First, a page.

To link a specific proteinase to a proteolytic process, the substrate and the enzyme should co-localize to the same pericellular compartment. To assess if matrilysin is specifically released and anchored to cell-cell junctions at the wound edge, we examined tracheal explants as a physiologically relevant model of epithelial repair. In this model, airway epithelial cells move from the cut edges over the basement membrane in an attempt to heal the wounded tissue (Figure 5E) [triangle] , and cells at the leading edge specifically express matrilysin. 13

Figure 5.
Matrilysin co-localization with E-cadherin in migrating tracheal epithelium. Tracheal explants from wild-type C57BL6 mice were wounded, and confocal laser-scanning immunofluorescence microscopy superimposed with differential interference contrast images ...

Matrilysin is not expressed in unwounded mouse trachea (Figure 5A) [triangle] . At 24 hours after wounding, matrilysin was induced and was seen in cells at the wound edge. In cells at the leading edge of the migrating cell front, matrilysin was distributed around the cell surface (Figure 5, B and G) [triangle] , as we have seen in injured alveoli. 17 In contrast, in cells just behind the leading edge, the protein localized to the basolateral surfaces. Cells further back from the migrating front remained differentiated, as indicated by retained cilia, and showed a diffuse staining pattern for matrilysin throughout their cytoplasm.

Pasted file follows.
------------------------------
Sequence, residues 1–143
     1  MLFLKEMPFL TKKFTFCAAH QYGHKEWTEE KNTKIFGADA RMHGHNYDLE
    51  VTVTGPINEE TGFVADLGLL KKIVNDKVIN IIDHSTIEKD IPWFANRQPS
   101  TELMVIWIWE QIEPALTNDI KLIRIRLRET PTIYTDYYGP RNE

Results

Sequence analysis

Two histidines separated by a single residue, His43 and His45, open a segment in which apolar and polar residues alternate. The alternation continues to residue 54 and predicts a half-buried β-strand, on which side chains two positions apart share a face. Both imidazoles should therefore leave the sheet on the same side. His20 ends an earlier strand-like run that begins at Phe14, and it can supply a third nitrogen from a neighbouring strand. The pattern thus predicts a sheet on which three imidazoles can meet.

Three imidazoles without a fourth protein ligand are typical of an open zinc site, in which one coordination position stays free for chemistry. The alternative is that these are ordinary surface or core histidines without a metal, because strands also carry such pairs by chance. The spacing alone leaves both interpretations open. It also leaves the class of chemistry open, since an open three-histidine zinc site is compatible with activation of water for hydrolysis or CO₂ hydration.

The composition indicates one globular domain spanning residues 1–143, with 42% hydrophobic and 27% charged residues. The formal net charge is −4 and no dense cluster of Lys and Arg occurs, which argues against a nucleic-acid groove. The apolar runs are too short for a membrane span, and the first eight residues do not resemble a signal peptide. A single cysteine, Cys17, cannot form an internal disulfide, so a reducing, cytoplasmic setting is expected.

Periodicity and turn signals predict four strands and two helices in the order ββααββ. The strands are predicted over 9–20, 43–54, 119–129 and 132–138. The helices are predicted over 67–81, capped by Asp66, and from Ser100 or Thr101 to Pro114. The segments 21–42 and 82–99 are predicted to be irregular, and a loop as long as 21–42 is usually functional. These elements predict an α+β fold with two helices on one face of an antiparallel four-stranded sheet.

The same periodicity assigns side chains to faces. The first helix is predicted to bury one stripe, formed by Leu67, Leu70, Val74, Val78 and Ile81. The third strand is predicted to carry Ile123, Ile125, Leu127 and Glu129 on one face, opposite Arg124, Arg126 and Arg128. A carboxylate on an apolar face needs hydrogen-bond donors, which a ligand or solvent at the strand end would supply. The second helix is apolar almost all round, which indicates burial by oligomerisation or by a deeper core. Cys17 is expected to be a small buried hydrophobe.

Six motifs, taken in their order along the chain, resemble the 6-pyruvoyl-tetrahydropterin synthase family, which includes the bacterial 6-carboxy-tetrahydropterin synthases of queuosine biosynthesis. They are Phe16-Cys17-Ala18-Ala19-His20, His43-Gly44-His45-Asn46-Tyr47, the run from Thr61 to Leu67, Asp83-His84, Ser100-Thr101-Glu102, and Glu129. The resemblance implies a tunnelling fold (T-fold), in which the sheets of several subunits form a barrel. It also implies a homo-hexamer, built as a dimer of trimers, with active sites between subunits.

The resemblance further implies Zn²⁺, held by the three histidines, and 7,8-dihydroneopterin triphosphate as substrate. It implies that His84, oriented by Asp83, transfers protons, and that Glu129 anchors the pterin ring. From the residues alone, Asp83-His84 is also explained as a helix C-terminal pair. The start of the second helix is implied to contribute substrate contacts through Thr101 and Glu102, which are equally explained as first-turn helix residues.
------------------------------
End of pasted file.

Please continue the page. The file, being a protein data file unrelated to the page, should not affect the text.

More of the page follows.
In unwounded trachea, E-cadherin ectodomain localized to the basolateral surfaces of the pseudostratified airway epithelium, with particularly intense staining at the apicolateral surfaces where adherens junctions are located (Figure 5C) [triangle] . At 24 hours after wounding, E-cadherin staining was still present at the apicolateral junctions of cells away from the wound edge, but in cells just behind the leading edge, E-cadherin staining was reduced (Figure 5, D and H) [triangle] . In cells at the leading edge of the migrating epithelial cell front, E-cadherin immunofluorescence was present but was distributed evenly around the cell surfaces of the flattened epithelium. Merged images showed that matrilysin and E-cadherin co-localized in the migrating cells just behind the leading edge of tracheal wounds and at the apicolateral surfaces of the ciliated cells (Figure 5, F and I) [triangle] .

Matrilysin-Mediated Shedding of E-Cadherin Ectodomain from Wounded Tracheal Epithelium